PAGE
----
Alisha C, September 18, 2011 (view all comments by Alisha C)
Toibin's striking narration gets you so close to Henry James you can almost hear him breathing. I thoroughly enjoyed this novel with all of it's texture and depth. A story full of the subtleties of growing old, living with the past and an exploration of self and sexuality.
Scribner Book Company -
At the start of the 1900s, Henry James produced three masterpieces in as many years: first The Wings of the Dove, then The Ambassadors, and next The Golden Bowl. The Master introduces James six years prior, in January 1895, on the eve of his great public failure, as "Guy Domville" premieres on the London stage and wholly, horribly, flops.
"Nothing had prepared him for this," Tóibín writes. "For his friends, this night would be entered into the annals of the unmentionable, pages in which he had so studiously avoided having his name appear."
Nothing could be worse than that, to be exposed.
The Master is provocative, nuanced portraiture; Tóibín is a master himself at masking and unmasking, at revealing exactly what he must and nothing more. Luxuriously rendered, his fiction shares with that of James a wealth of piercing, precise observation; loaded, subtle gestures; and "exhilarating duplicities."
"Review A Day"
by Paula Marantz Cohen, The Times Literary Supplement,
"[T]he Irish novelist Colm Tóibín has written several subtly imagined works of fiction, including The Blackwater Lightship, which was short-listed for the 1999 Booker Prize. And, against all odds, he succeeds here. The Master is a small tour de force of a novel....[A] lovely portrait of the artist, rich in fictional truth." (read the entire Times Literary Supplement review)
by Adam Mars-Jones, The Observer,
"There's little in Colm Tóibín's previous work, to some of which this reviewer has been immune or even mildly allergic, to prepare for the startling excellence of his new novel. The Master is a portrait of Henry James that has the depth and finish of great sculpture."
by Kirkus Reviews (Starred Reviews),
"A formidably brilliant performance."
by Booklist (Starred Review),
"Even the reader who knows little about Henry James or his work can enjoy this marvelously intelligent and engaging novel, which presents not on a silver platter but in tender, opened hands a beautifully nuanced psychological portrait."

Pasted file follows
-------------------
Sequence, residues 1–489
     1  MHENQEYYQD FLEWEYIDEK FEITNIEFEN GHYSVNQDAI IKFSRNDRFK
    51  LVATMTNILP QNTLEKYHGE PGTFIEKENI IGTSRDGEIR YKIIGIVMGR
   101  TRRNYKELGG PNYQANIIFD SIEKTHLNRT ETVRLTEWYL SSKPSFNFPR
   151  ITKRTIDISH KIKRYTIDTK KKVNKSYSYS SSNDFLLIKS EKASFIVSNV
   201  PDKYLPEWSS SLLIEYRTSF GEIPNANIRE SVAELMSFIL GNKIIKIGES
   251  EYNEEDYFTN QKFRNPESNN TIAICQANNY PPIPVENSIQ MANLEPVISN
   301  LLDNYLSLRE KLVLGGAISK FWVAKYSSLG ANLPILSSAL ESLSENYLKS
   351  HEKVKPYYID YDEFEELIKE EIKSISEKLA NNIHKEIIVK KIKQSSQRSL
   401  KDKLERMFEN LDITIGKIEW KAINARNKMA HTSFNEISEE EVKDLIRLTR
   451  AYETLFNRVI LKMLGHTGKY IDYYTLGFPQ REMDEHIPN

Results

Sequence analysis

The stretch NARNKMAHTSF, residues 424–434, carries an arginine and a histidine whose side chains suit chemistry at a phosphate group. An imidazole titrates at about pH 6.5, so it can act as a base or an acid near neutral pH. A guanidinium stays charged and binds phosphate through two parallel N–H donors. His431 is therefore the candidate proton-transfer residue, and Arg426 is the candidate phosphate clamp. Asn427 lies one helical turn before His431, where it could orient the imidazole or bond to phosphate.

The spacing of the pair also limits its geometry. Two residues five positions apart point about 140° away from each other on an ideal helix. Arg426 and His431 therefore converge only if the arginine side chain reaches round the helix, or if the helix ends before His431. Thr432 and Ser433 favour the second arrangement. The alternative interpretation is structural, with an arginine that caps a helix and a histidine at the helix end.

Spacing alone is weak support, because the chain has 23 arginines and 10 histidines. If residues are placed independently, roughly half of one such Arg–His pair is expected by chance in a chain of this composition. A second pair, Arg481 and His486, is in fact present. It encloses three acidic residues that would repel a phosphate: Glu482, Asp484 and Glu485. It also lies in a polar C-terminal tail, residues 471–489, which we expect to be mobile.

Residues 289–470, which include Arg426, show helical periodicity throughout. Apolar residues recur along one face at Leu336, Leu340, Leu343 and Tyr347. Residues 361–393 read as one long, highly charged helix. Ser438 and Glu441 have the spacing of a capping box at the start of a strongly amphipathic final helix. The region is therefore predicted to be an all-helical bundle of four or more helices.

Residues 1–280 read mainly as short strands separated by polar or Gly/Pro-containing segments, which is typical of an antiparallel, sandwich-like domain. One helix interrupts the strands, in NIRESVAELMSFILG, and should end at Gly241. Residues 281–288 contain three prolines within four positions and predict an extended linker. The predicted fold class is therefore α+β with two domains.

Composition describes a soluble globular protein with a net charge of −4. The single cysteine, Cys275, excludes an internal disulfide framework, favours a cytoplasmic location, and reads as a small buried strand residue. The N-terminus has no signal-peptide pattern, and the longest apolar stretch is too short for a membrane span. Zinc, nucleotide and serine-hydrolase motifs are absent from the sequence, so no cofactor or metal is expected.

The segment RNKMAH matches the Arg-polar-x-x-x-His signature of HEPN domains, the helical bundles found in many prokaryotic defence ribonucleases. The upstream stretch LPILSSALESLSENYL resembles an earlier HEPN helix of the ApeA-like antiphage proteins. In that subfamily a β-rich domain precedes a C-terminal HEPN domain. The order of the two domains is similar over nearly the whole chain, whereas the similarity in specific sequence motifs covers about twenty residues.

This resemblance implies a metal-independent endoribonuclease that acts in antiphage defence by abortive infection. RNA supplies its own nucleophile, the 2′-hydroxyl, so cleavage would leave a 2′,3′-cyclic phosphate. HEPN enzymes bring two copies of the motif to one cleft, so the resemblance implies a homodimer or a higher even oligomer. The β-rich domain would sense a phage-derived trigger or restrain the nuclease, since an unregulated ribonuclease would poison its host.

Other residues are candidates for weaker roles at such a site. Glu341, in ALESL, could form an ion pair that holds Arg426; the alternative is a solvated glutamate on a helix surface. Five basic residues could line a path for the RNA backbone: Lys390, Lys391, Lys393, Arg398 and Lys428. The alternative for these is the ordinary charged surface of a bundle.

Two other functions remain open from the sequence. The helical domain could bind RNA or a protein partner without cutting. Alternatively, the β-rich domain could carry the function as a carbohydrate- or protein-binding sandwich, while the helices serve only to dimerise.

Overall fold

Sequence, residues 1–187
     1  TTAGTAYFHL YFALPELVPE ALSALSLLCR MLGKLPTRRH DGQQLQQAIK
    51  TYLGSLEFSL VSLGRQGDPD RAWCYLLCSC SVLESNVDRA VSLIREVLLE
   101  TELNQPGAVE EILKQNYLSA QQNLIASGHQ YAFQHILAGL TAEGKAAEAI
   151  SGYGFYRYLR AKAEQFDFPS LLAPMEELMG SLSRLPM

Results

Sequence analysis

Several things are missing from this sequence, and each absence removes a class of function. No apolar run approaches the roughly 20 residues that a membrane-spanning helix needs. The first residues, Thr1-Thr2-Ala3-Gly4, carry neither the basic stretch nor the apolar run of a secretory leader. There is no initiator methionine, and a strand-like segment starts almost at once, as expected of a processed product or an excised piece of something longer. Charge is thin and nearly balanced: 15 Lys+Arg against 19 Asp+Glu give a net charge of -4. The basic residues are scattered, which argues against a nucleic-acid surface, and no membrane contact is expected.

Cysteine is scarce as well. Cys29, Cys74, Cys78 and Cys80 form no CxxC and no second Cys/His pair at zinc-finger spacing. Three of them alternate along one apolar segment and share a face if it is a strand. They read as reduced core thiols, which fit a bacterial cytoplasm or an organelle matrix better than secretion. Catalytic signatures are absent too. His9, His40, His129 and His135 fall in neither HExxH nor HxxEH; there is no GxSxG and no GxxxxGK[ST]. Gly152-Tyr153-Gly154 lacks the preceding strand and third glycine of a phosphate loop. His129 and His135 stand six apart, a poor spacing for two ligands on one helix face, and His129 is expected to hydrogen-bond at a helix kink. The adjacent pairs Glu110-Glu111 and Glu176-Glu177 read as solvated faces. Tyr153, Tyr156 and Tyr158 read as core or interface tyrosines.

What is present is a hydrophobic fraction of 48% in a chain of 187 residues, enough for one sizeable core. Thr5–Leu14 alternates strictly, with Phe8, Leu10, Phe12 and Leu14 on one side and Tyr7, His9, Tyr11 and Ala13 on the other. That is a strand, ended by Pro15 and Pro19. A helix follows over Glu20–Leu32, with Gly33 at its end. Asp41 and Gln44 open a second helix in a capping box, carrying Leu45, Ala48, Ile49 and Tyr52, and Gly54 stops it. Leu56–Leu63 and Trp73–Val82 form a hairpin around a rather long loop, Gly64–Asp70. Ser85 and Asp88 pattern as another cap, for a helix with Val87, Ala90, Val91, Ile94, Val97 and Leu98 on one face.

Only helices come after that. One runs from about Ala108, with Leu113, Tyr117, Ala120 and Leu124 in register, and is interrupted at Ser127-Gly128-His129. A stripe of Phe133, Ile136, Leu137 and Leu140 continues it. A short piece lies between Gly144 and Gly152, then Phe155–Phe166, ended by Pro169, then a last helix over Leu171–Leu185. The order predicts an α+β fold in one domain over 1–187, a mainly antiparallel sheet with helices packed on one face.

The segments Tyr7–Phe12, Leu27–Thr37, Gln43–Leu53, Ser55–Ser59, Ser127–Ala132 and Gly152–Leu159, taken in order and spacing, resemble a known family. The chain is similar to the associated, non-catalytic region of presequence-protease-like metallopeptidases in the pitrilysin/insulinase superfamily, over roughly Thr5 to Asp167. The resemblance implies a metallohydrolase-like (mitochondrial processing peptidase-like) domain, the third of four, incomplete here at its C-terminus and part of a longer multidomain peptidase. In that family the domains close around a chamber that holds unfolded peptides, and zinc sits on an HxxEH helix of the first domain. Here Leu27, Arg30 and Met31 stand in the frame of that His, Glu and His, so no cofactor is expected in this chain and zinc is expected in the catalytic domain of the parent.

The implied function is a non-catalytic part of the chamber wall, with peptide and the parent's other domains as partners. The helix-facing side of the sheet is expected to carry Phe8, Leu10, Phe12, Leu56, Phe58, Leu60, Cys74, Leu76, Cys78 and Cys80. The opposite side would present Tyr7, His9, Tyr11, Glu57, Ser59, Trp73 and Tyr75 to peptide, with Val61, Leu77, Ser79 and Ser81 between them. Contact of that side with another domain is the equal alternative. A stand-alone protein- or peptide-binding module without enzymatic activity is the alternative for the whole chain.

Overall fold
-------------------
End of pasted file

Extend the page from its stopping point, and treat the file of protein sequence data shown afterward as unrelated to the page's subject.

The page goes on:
by The Guardian,
"This is an audacious, profound, and wonderfully intelligent book."
by Francis King, Literary Review,
"If Leon Edel's five-volume life of Henry James is the literary equivalent of a vast but perfectly articulated symphony, this novel can best be described as a series of brilliant études based on themes derived from it."
by The Observer,
"A sympathetic and triumphant novel of startling excellence....The Master is a portrait of Henry James that has the depth and finish of great sculpture."
by Sunday Times Review,
"Tóibín's enthralling novel displays — in a manner that is masterly — the wit and metaphorical flair, psychological subtlety and phrases of pouncing incisiveness with which a great novelist captured the nuances of consciousness and duplicities of society."
by Publishers Weekly,
"The subtlety and empathy with which Tóibín inhabits James's psyche and captures the fleeting emotional nuances of his world are beyond praise....Far more than a stunt, this is a riveting, if inevitably somewhat evasive, portrait of the creative life."
by Maureen N. McLane, Chicago Tribune,
"Superbly controlled... this novel is a masterful, unshowy meditation on work, ambition, friendship, longing and mortality."
by Library Journal,
"[S]crupulously researched and artfully rendered....Tóibín excels at showing us...the connections between James's life and his fictional oeuvre. Highly recommended."
Like Michael Cunningham in The Hours, Colm Tóibín captures the extraordinary mind and heart of a great writer. Beautiful and profoundly moving, The Master tells the story of a man born into one of America's first intellectual families who leaves his country in the late nineteenth century to live in Paris, Rome, Venice, and London among privileged artists and writers.
In stunningly resonant prose, Tóibín captures the loneliness and the hope of a master of psychological subtlety whose forays into intimacy inevitably failed those he tried to love. The emotional intensity of this portrait is riveting.
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